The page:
Habakkuk spends a good portion of chapter 3 stating aloud all God’s trustworthy actions. Leading the Israelites through the Exodus, giving the law on Mt. Sinai, splitting the Jordan River and the Red Sea, giving Joshua victory, and fighting for his people are just a few examples.
As Habakkuk remembers all God has done to rescue his people, Habakkuk responds with “my legs tremble…yet I will quietly wait…” Habakkuk is still scared of the future and what is to come. But he also knows God has not changed. God has always been trustworthy, and he will be again.
And so the book of Habakkuk ends with “I will rejoice in the Lord; I will take joy in the God of my salvation.” Regardless of the circumstances, Habakkuk has learned that God is trustworthy, and he will wait on the Lord.
We need to understand this concept as well…especially during this Global pandemic.
Currently, the world is shut down, the president has been in the hospital, the election is coming up, the members of the church are fighting over masks, and the world seems to be in an upheaval. The circumstances of our world, just like Habakkuk’s, seem to be out of control and a bit scary.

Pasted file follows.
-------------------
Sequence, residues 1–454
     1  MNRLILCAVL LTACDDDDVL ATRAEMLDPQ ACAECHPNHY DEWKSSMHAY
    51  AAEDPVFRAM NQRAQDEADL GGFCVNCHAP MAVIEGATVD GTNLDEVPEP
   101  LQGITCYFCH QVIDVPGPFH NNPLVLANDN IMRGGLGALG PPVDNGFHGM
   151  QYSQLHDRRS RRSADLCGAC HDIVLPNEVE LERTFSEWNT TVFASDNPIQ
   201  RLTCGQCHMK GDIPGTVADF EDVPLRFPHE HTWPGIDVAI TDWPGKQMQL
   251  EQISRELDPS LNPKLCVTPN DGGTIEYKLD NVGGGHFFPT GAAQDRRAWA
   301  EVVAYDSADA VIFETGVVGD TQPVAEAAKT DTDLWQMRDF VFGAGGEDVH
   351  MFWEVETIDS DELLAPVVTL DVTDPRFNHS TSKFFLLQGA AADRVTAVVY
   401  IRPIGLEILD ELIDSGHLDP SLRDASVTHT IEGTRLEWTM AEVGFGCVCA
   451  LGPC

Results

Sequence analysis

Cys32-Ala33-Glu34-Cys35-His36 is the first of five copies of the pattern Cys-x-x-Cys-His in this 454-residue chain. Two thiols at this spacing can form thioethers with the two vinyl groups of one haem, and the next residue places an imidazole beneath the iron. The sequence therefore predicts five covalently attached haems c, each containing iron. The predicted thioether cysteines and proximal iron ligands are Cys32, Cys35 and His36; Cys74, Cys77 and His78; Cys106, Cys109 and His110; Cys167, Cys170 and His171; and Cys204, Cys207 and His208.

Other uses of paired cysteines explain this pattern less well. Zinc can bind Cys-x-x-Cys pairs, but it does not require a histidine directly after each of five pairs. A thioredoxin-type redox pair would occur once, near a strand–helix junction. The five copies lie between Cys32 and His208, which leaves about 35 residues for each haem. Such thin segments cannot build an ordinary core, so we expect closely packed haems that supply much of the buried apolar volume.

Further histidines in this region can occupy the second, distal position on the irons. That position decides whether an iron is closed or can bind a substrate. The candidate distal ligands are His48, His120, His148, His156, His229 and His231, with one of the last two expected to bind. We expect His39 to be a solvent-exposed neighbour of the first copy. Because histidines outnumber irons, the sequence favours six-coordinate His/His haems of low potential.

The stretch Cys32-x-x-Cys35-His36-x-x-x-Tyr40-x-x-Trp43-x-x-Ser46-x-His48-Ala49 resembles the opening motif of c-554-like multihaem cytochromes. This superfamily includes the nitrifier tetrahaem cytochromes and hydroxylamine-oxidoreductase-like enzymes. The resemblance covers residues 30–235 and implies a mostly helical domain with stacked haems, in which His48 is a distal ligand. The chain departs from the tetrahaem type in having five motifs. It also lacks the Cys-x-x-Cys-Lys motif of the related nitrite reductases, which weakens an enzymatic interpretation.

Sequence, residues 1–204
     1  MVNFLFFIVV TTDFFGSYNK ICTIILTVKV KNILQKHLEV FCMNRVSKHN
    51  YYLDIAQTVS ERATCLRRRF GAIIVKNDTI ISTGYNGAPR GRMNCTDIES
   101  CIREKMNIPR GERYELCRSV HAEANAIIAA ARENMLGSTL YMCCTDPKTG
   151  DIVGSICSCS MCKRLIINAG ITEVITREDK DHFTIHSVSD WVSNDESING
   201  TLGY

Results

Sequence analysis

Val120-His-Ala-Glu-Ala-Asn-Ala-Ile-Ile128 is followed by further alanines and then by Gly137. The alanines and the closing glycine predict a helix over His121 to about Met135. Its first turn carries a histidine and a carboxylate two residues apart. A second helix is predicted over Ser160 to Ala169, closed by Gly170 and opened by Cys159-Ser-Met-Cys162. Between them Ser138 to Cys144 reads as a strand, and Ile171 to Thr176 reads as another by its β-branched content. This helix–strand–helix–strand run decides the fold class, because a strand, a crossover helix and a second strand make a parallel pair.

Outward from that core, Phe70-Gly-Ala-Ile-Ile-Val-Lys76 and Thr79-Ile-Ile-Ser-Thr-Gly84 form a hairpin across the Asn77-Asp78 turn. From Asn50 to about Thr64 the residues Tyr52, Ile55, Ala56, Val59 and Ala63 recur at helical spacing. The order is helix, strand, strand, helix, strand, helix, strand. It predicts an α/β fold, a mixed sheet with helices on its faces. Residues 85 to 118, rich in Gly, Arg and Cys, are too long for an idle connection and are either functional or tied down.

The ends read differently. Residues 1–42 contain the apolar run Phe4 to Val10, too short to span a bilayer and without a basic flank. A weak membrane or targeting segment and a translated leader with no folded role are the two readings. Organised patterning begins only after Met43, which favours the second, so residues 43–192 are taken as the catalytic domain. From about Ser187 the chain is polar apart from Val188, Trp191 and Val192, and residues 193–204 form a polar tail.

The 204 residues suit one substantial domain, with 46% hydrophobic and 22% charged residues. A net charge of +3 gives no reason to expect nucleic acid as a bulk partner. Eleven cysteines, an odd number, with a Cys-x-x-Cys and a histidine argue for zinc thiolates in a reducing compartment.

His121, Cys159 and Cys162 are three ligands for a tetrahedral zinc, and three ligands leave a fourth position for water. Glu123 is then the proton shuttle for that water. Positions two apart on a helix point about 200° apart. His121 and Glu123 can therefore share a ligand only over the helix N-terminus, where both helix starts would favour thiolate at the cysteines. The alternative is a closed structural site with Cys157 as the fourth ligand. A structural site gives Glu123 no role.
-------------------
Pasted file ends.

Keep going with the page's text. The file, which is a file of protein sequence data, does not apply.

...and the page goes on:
However, John 16:33 reminds us that although we will have suffering in this world, Jesus has overcome the world. The world does not get the final say on what happens to us. In addition, as we feel the weight of the world and the brokenness surrounding us, Romans 8:23-24 reminds us that “we ourselves who have the Spirit as the firstfruits—we also groan within ourselves… Now if we hope for what we do not see, we eagerly wait for it with patience.” We have the confidence, as believers, to hope and wait on the Lord.
Habakkuk is a story about God’s faithfulness, his trustworthiness, and the need for us to draw close to him. This book is such a beautiful picture of being honest with God in prayer and letting the truth of who God is change your mindset. Habakkuk never denies the suffering we all endure but instead shows us how to respond to God in the midst of our turmoil. What a gift to us this book of the Bible is!